Less than two years ago, the U.S. Environmental Protection Agency (EPA) told BP that they had to stop using the highly dangerous and potentially toxic oil dispersant Corexit on the oil that was spewing from a blown out wellhead at the bottom of the Gulf of Mexico. BP refused, and the EPA took no action.
But this week, the EPA has told us all that there is absolutely nothing to worry about, and that Corexit is essentially “non-toxic.”
Those of us living along the Gulf Coast would all love to breathe a huge sigh of relief, but we’re too busy choking on the toxic air that has been causing “mystery respiratory illnesses” for two years now.
But still, the EPA released a report earlier this month that says that their testing revealed that the numerous dispersants used in the cleanup fall into the “practically non-toxic” or “slightly toxic” category. What they mean by this is that the dispersants essentially have an equal toxicity to the oil that was released into the Gulf of Mexico.
Again, this new report runs completely contradictory to what the agency was warning us about in immediate months following the disaster. But instead of insisting that BP use equally effective, less toxic organic methods of dispersants, they went along with the oil giant and allowed them to continue pumping toxic chemicals into our waters.
The EPA’s claims also seem to go against the actual warning label of Corexit. Steven Pedigo recently pointed out the following about Corexit:
Corexit’s label clearly states it can cause kidney failure and death and the MSDS (Material Safety Data Sheet) specifically warns, “Do not contaminate surface water” with it. Additionally, toxicity testing in regards to marine species shows little tolerance by all forms of sea life; thus, applying it on spills as a preferred response method increases the toxicity of the spilled oil on which it is used.
To make matters even worse, studies have shown that dispersants, statistically, have no effect on the oil. Estimates say that at least two million gallons of Corexit were poured into the Gulf of Mexico after the oil spill.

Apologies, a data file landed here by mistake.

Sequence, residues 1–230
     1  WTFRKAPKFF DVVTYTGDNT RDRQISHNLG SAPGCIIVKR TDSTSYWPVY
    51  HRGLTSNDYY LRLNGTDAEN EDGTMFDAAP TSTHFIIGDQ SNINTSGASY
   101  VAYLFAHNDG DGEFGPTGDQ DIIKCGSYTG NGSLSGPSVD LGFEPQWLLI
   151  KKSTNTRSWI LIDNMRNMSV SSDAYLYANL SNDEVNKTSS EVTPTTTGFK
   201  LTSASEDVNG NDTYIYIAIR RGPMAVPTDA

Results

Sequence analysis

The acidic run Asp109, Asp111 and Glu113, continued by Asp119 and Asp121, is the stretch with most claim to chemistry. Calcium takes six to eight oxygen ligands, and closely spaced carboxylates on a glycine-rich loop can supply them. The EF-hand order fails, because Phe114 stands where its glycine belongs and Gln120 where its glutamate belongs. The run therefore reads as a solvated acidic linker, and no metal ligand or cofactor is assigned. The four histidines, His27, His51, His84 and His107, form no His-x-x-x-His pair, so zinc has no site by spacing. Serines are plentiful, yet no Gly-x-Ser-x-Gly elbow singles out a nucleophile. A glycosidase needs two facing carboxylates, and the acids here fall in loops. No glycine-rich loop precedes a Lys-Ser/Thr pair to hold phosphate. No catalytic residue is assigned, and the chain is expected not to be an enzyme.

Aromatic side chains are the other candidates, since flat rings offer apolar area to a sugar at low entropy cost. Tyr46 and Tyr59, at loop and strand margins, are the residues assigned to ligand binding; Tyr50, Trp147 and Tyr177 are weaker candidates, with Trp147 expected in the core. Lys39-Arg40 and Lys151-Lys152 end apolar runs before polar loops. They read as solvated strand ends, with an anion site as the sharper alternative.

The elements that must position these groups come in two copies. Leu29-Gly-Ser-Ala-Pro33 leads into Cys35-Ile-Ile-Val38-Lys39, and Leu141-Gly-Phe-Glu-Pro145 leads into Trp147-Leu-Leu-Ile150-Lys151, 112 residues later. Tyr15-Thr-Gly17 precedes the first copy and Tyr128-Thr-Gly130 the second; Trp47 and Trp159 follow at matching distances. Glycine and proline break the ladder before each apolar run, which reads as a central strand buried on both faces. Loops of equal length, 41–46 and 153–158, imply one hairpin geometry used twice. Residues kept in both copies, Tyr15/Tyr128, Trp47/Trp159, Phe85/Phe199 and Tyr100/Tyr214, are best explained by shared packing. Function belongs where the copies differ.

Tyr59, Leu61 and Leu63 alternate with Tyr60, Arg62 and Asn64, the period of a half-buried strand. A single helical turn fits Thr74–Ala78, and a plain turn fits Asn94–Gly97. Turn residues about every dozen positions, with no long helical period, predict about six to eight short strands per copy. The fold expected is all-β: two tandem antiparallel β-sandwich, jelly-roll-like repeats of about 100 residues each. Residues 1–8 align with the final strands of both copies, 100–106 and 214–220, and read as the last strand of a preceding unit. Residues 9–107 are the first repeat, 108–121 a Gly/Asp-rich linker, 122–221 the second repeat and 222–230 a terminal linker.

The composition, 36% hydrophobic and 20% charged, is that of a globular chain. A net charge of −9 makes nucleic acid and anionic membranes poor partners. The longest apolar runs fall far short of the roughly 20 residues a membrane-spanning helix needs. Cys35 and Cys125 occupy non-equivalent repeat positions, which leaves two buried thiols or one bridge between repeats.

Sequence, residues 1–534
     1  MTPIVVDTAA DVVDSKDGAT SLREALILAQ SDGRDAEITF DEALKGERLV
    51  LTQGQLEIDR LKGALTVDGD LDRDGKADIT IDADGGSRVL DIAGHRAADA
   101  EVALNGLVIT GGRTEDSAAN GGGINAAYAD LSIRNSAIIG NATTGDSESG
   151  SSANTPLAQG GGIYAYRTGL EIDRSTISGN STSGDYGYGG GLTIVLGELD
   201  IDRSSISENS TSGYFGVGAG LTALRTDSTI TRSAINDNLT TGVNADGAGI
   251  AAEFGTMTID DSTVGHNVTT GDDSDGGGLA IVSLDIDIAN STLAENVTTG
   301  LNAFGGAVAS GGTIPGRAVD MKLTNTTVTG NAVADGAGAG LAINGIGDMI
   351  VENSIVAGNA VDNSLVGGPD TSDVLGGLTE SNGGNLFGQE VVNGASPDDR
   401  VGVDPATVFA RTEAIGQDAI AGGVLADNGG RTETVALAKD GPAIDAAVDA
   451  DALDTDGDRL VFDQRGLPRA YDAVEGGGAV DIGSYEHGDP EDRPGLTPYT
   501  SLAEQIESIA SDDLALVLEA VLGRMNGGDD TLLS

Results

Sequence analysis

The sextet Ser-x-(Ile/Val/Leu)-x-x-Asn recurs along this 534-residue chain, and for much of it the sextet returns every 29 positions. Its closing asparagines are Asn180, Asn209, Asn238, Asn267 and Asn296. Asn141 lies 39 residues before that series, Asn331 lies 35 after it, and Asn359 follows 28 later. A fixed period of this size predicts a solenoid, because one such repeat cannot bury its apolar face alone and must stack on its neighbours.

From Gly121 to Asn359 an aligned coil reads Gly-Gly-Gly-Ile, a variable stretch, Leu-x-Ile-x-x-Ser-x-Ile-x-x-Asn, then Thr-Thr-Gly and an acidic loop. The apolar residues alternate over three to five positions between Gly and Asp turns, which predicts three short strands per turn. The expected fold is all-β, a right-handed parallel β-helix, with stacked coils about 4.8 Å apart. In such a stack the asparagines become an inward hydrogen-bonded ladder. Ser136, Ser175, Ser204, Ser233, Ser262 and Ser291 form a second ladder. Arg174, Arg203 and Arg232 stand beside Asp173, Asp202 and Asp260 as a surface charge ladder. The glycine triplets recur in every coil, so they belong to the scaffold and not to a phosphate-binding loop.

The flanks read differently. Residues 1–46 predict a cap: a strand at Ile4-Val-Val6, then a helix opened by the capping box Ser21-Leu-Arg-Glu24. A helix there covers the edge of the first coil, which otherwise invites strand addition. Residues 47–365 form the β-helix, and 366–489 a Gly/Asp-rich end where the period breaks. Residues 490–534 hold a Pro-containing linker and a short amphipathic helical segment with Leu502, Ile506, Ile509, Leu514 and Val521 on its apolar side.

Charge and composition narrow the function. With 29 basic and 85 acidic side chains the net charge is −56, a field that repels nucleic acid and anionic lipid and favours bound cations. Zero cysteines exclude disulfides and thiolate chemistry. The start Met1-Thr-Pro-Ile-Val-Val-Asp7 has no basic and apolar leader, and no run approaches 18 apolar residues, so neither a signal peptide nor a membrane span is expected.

This is not the first time the EPA has misled the public on the dangers of oil dispersants. EPA official turned whistleblower Hugh Kaufman told Democracy Now! two years ago that the agency was hiding the real dangers of Corexit from the public:
Corexit is one of a number of toxic dispersants that are used to atomize the oil and force it down the water column so that it’s invisible to the eye.
In this case, these dispersants were used in massive quantities, almost two million gallons so far, to hide the magnitude of the spill and save BP money.
And the government—both EPA, NOAA, etc.—have been sock puppets for BP in this cover-up.
Now, by hiding the amount of spill, BP is saving hundreds of millions, if not billions, of dollars in fines, and so, from day one, there was tremendous economic incentive to use these dispersants to hide the magnitude of the gusher that’s been going on for almost three months.
… People who work near [Corexit] are hemorrhaging internally [but the] EPA now is taking the position that they really don’t know how dangerous it is, even though if you read the label, it tells you how dangerous it is.
… for example, in the Exxon Valdez case, people who worked with dispersants, most of them are dead now.
The average death age is around fifty.
It’s very dangerous, and it’s an economic—it’s an economic protector of BP, not an environmental protector of the public.
Those are very powerful statements from a man who was working for the EPA on this matter.
For the EPA to tell us that Corexit and other dispersants used to destroy the oil are “non-toxic” is incredibly irresponsible and dangerous. The illnesses that are popping up in residents and cleanup workers are very real, and it would be hard to say that they aren’t a direct result of the oil disaster.
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By Bob Jacobs
Hanako, a female Asian elephant, lived in a tiny concrete enclosure at Japan's Inokashira Park Zoo for more than 60 years, often in chains, with no stimulation. In the wild, elephants live in herds, with close family ties. Hanako was solitary for the last decade of her life.
Hanako, an Asian elephant kept at Japan's Inokashira Park Zoo; and Kiska, an orca that lives at Marineland Canada. One image depicts Kiska's damaged teeth. Elephants in Japan (left image), Ontario Captive Animal Watch (right image), CC BY-ND